Carter has led an interesting life. At first, things were quite normal. He had parents who loved him, a house and toys and all that jazz, until he was orphaned in a car accident. Then, it was on to his uncle, an out, loud, and very proud drag queen who put aside his career to be a parent to Carter until he, too, passed. As if a life of parties, pride events, and a haphazard education of world travel and worldly men wasn’t enough, Carter then moved on to the next stage of his life to become the human attendant to not just one, but two, vampires.
Now Carter serves as a personal assistant to Ash, whose casket he’d like to climb into, and babysitter to Ty, Ash’s ‘son’ who wants only to get into Carter’s khakis. Even so, he and Ty have come to a sort of accord where Carter ignores Ty and Ty continues to try to get his attention — while Carter pines and sighs wistfully at Ash, who is either oblivious or politely indifferent. Things might have kept on this way if it weren’t for the machinations and mischief of one of Ash’s other children, the ancient, powerful, and newly public Sally Davis.
Sally has found social media and television quite to her liking and has plans to enter politics. Only it isn’t just a senate seat she wants. She’s aiming at the presidency as a first step, and what comes after might change the world for vampires and humans alike.
Carter has a very strong personality and the author manages to make Carter’s voice heard loud and clear through the entire book. He’s fey, flippant, and dismissive of things he doesn’t think are important. He’s also so head over heels in love with Ash that he doesn’t see the vampire’s bad side, only the hot body, the soft smile, and his own thoughts and feelings regarding what he wants Ash to do to him. When it comes to Ty, Carter’s just as oblivious, ignoring the other vampire’s attempts to flirt even as he rises to the bait each time, exchanging shade and repartee with a juvenile glee.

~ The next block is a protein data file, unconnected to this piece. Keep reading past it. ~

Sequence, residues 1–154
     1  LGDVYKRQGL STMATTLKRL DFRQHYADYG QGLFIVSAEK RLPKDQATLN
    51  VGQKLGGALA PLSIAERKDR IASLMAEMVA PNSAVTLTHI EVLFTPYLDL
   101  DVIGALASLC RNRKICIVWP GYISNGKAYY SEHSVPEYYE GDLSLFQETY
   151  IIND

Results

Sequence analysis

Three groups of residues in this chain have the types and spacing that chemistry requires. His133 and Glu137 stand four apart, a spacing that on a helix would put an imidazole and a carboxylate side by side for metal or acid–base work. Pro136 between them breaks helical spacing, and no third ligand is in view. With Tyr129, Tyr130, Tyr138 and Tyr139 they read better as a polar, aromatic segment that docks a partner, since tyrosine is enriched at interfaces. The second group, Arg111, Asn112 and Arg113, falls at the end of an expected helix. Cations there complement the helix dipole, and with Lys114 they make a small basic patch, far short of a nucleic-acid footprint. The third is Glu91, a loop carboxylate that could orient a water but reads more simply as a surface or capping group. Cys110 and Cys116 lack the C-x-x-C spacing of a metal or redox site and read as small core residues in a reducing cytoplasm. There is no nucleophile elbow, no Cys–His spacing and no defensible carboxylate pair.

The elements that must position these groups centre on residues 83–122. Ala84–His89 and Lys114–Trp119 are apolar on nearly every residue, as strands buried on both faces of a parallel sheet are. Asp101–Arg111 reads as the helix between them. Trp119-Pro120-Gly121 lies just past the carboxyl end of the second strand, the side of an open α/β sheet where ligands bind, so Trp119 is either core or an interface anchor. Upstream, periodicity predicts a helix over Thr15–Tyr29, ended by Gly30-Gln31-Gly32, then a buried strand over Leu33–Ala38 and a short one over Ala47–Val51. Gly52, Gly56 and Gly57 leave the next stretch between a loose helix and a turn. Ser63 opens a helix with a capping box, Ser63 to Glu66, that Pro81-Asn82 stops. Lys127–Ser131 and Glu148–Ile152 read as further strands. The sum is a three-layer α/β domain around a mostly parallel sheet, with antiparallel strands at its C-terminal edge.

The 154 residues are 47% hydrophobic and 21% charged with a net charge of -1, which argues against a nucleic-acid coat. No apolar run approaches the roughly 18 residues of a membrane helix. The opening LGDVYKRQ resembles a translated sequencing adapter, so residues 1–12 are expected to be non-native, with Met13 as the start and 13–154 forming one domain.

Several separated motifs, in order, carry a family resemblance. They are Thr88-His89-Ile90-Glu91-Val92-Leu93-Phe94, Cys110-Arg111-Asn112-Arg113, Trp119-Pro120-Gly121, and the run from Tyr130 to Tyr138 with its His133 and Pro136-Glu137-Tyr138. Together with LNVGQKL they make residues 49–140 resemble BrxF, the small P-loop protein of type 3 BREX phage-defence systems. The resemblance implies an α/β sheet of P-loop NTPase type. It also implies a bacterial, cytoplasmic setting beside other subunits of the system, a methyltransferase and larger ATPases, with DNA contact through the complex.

Ty was turned at a young age by Ash after a traumatic event and perhaps that has shaped much of his personality. He’s full of anger and energy and a callous disregard for human life. He’s hot and unstable and has all the energy and impulse control of a puppy with a chew toy. He kills humans with no thought and stalks Carter with a single-minded purpose. It’s hard to tell if he’s still mentally or emotionally the teenager he was when he was turned, or if the hundred plus years since then have given him any maturity because he’s all emotion and little thought.
Ash is … well, I’ll be kind and say he isn’t entirely useless, he’s just a terrible father figure. He has, at the moment, sired two vampiric offspring. One is Sally Davis, a crazy woman set on destruction and world domination, and the other is a young man who kills with impunity and has no sense of decorum or decency. And to both of them he’s distant and remote and utterly uncaring of what they do. While he shows some concern for Ty, he doesn’t seek to rein him in, and shows Carter the same distant disregard … until he needs something from him.
I’m going to be blunt and say I was not all that taken with this book. I don’t mind flawed characters, or even bad characters when — as they do in this book — they continue to behave as themselves. Ty never turned nice or sweet because it was more romantic; he’s a dick to the end. Ash doesn’t suddenly turn into a loving, caring father figure; he remains Ash from start to finish. However, the pacing in this thing felt decidedly off. It’s a slow, slow roller coaster building up Carter’s world until we pick up a bit of speed when the story gets going … only for it to dive down and explode in the last five pages with a climax that felt as if it came out of nowhere.
All in all, this book works as the introduction to a series, but I didn’t care for it as a stand-alone. There’s almost no weight to the plot to balance out all of Carter’s character study (which is roughly half the book), and not enough relationship to work as a romance. It feels almost more of a well-written memoir by Carter, but without much of a point to the story. If you like voicey young men and characters with personality, Carter might be someone you’d enjoy reading about. But there’s just not enough meat on the bone, for me.